"It was doing the kind of journalism that fewer and fewer places were doing these days, the kind of pieces you work on for months in order to make a big splash, and Chris was committed to it," says Zengerle. "As far as I was concerned, everything was fine until that moment Guy was hired. That was the first indication that Chris's thinking had changed. Up to that point, Chris and Frank had been inseparable. And then suddenly, Chris's vision was Guy's vision."

"Guy" being Guy Vidra, a former Yahoo executive whom the former staffers largely blame for the ruination of the magazine. They do not let Hughes off the hook, exactly. In 2014, Eldridge ran for Congress at great expense and to much personal embarrassment. (He lost a district narrowly carried by the Obama-Biden ticket by a 2-1 landslide.) Magazine traffic was up, but far below sites of competing magazines like The Atlantic and Slate. In October, the website brought in 3.6 million uniques; in November, typically a slower month after an election ends, it hit 5.4 million uniques.

This was not enough, though. This year, Web editor Michael Schaeffer left TNR for Washingtonian. Vidra joined the magazine as CEO, in an expanding role, and injected a mix of jargon, ideas, and idea-jargon into the discussion. He imagined "pods," channels in which star writers would follow obsessions, the way The Atlantic's stars can be followed as voices. He imagined more data visualization, more products, and this led to the confrontation that blew up the magazine. On Wednesday, Foer called around and learned the truth of a rumor that Gabriel Snyder—whom, in a memo, he called a member of the "straddle generation" that understands print and the Web—would replace him. Snyder was a veteran of products like The Atlantic Wire (and Bloomberg) that moved at the speed Vidra and Hughes were interested in. 

The gracelessness of the switcher started the staff's exodus. On Thursday night, D.C. members of the TNR team met at a "wake" that was openly described as such, and discussed online.

https://twitter.com/lindakinstler/status/540722438238396416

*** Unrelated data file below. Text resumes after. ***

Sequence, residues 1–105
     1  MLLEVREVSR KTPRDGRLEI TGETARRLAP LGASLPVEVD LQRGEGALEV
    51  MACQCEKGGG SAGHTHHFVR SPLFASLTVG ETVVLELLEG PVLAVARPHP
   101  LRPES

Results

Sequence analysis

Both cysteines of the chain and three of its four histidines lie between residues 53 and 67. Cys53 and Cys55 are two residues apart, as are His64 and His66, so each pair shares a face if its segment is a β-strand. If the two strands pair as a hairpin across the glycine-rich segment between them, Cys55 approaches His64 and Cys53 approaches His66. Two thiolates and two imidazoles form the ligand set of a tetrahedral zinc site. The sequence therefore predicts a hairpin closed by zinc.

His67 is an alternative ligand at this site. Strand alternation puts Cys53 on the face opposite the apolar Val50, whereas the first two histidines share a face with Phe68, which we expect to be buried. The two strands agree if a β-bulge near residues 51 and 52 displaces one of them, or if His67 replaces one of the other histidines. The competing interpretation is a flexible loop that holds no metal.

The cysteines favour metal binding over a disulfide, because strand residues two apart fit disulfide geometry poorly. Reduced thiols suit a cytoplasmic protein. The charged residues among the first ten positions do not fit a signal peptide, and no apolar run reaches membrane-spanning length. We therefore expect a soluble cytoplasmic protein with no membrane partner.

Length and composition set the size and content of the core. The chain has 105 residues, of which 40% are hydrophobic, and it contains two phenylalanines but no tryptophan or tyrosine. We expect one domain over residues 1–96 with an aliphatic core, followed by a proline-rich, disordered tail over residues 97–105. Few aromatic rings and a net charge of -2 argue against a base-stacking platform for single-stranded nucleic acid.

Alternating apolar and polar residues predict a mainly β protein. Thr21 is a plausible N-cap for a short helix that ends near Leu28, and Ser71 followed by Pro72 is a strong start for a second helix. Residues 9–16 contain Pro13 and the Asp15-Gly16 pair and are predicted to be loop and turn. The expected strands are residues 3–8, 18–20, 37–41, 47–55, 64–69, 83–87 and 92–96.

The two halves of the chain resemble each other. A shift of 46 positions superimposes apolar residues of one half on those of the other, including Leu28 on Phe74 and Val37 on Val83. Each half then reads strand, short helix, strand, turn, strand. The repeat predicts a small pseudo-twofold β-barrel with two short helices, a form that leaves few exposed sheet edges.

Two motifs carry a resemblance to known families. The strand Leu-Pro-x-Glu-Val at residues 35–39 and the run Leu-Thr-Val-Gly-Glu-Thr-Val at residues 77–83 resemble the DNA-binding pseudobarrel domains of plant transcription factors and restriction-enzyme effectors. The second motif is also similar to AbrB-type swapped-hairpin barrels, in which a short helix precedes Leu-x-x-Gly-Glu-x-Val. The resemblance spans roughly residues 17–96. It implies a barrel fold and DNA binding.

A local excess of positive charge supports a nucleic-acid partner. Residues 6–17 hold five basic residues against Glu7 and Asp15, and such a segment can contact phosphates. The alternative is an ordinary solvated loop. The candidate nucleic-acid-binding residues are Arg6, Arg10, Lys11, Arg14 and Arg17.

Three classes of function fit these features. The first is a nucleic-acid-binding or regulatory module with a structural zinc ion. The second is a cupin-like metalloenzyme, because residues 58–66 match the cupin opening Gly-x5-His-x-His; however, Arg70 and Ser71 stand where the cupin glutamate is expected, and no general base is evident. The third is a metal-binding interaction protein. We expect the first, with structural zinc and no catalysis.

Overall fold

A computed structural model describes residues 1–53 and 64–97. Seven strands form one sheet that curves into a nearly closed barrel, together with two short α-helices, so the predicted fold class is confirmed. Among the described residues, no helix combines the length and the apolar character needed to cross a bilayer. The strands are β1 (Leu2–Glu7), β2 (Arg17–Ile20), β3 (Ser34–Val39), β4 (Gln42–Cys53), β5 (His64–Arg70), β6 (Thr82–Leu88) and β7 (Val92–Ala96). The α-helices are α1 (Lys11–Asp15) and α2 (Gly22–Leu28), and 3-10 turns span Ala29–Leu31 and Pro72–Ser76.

On Thursday morning, 15 of the magazine's editors and writers co-signed a letter of resignation. Thirteen contributing editors (an honorary title given to valued former staffers or occasional writers) added their names. Ryan Lizza and Julia Ioffe, a contributing editor and senior editor, respectively, livetweeted and mocked the remarks Hughes and Vidra gave at a staff meeting. 

None of that was inevitable. Again, Hughes had his detractors since the word "go," or "buy." What changed, staffers speculate, is that he started to care less about what Washington thought and more about what his native world of influencers thought. I saw a little of this up close in summer, when I joined a few pundits for an installment of the GE-sponsored #Pressing series of media events. My old Slate podcast had been sponsored by #Pressing, and TNR was hosting a catered breakfast for myself, CNN pundits Van Jones and S.E. Cupp, and Politico's Mike Allen to talk to various staffers about important-sounding topics. Hughes and Foer introduced the proceedings, then sat to the side. 

Their room wasn't full. Events sort of like that have proven to be extremely profitable for Slate and The Atlantic—audiences would buy tickets, corporations would buy banners, for "branded" talent to gab with each other. But TNR didn't invest much in more events, which reach influential people (or their interns) in Washington. Instead, it went for what Vidra termed, in now widely leaked and mocked comments, "breaking shit up." The ethos of "disrupting" an institution prevailed over the confidence in what was there.

Washington was always skeptical that Chris Hughes could "save" the New Republic. In the end, Washington was right, for the wrong reasons. At some point Hughes just stopped believing that the traditional policy magazine was worth saving.